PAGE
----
Self-Selection into Teaching: The Role of Teacher Education Institutions
AbstractGood teachers are critical for a high-quality educational system. This in turns leads to the question of who is interested in going into the teaching profession. Although research has been done on the professional careers of teachers, the issue of self-selection into teacher education has been mostly overlooked until now. The analyses contained in our study are based on a representative sampling of over 1500 high-school students in Switzerland shortly before graduation. The findings indicate that there is a self-selection process with regard to courses of study at teaching training institutions, which is reinforced by institutional and structural characteristics of the types of higher education institutions and the courses of study they offer. This can clearly be seen in comparison with high-school students preparing to study at another type of higher educational institution (university). Accordingly, the findings of this paper tend to indicate that the choices made by future teachers depend to a large extent also on where and how teachers are trained.
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Bibliographic InfoPaper provided by Institute for the Study of Labor (IZA) in its series IZA Discussion Papers with number 3505.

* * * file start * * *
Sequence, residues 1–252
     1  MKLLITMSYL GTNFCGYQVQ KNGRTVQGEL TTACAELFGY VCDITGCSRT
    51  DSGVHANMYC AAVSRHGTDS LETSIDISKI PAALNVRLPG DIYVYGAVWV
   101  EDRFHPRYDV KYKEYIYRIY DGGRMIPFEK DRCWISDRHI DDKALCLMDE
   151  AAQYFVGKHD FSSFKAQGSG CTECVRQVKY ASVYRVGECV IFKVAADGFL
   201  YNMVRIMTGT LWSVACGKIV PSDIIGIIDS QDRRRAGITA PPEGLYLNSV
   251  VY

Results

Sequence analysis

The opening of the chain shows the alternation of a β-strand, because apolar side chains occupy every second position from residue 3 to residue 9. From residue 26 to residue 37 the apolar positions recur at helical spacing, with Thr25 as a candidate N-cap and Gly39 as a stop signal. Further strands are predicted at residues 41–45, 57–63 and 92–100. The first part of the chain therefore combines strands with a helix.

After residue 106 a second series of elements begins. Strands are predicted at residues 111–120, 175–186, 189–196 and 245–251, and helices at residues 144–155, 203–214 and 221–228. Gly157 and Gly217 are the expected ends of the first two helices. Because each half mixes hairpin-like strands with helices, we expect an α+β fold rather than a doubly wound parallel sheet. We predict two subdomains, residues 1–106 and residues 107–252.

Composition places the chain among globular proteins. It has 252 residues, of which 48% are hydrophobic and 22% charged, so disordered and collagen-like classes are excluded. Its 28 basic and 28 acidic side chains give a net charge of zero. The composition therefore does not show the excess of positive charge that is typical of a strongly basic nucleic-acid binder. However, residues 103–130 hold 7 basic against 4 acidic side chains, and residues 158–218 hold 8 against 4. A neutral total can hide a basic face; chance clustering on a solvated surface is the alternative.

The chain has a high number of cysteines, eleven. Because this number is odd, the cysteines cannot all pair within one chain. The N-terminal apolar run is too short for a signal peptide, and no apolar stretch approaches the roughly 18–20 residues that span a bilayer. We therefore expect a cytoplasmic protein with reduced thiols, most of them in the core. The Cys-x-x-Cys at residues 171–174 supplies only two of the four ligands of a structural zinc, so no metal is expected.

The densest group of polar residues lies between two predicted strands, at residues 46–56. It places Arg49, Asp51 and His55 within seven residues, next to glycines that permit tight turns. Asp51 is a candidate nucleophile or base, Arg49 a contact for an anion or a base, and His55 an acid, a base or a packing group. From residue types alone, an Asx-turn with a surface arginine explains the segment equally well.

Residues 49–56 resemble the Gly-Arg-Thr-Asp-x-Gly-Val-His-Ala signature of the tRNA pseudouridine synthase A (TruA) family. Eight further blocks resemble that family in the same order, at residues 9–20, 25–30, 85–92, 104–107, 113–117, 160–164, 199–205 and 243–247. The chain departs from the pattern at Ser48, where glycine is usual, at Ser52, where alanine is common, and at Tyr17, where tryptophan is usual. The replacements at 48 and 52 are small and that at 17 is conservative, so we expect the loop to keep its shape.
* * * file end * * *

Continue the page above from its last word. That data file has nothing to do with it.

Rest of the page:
Length: 30 pages
Date of creation: May 2008
Date of revision:
Publication status: published in: Cambridge Journal of Education, 2009, 39(4), 423-441
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Find related papers by JEL classification:
- I2 - Health, Education, and Welfare - - Education
- I28 - Health, Education, and Welfare - - Education - - - Government Policy
- J24 - Labor and Demographic Economics - - Demand and Supply of Labor - - - Human Capital; Skills; Occupational Choice; Labor Productivity
This paper has been announced in the following NEP Reports:
- NEP-ALL-2008-07-14 (All new papers)
- NEP-EDU-2008-07-14 (Education)
- NEP-HRM-2008-07-14 (Human Capital & Human Resource Management)
- NEP-LAB-2008-07-14 (Labour Economics)
- NEP-URE-2008-07-14 (Urban & Real Estate Economics)
Please report citation or reference errors to , or , if you are the registered author of the cited work, log in to your RePEc Author Service profile, click on "citations" and make appropriate adjustments.:
- Stefan C. Wolter & Stefan Denzler, 2004.
"Wage elasticity of the teacher supply in Switzerland,"
Brussels Economic Review,
ULB -- Universite Libre de Bruxelles, vol. 47(3-4), pages 387-408.
- Wolter, Stefan C. & Denzler, Stefan, 2003. "Wage Elasticity of the Teacher Supply in Switzerland," IZA Discussion Papers 733, Institute for the Study of Labor (IZA).
- Hanushek, Eric A. & Pace, Richard R., 1995. "Who chooses to teach (and why)?," Economics of Education Review, Elsevier, vol. 14(2), pages 101-117, June.
- Freeman, Richard B., 1987. "Demand for education," Handbook of Labor Economics, in: O. Ashenfelter & R. Layard (ed.), Handbook of Labor Economics, edition 1, volume 1, chapter 6, pages 357-386 Elsevier.
- Podgursky, Michael & Monroe, Ryan & Watson, Donald, 2004. "The academic quality of public school teachers: an analysis of entry and exit behavior," Economics of Education Review, Elsevier, vol. 23(5), pages 507-518, October.
- Hanushek, Eric A. & Rivkin, Steven G., 2006. "Teacher Quality," Handbook of the Economics of Education, Elsevier.
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